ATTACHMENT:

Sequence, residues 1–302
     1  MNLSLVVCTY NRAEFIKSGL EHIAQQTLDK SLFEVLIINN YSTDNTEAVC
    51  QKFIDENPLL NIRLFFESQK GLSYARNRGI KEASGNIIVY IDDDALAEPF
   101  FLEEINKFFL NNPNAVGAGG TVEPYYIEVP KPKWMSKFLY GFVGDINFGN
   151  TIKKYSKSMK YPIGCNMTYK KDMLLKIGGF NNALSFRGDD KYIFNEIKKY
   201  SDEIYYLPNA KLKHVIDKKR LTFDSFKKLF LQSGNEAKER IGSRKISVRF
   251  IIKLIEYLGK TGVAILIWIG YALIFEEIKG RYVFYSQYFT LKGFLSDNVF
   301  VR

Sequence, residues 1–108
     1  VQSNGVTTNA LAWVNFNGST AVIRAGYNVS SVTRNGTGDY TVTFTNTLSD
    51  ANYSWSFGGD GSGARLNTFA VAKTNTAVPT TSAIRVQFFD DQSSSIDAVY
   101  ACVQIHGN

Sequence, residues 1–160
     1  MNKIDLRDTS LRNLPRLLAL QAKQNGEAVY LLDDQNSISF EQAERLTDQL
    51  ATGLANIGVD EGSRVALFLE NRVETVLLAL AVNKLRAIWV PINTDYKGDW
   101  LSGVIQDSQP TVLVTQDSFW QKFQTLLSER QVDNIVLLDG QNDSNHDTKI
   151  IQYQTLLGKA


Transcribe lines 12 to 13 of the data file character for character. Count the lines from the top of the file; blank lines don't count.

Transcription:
   101  ACVQIHGN

Sequence, residues 1–160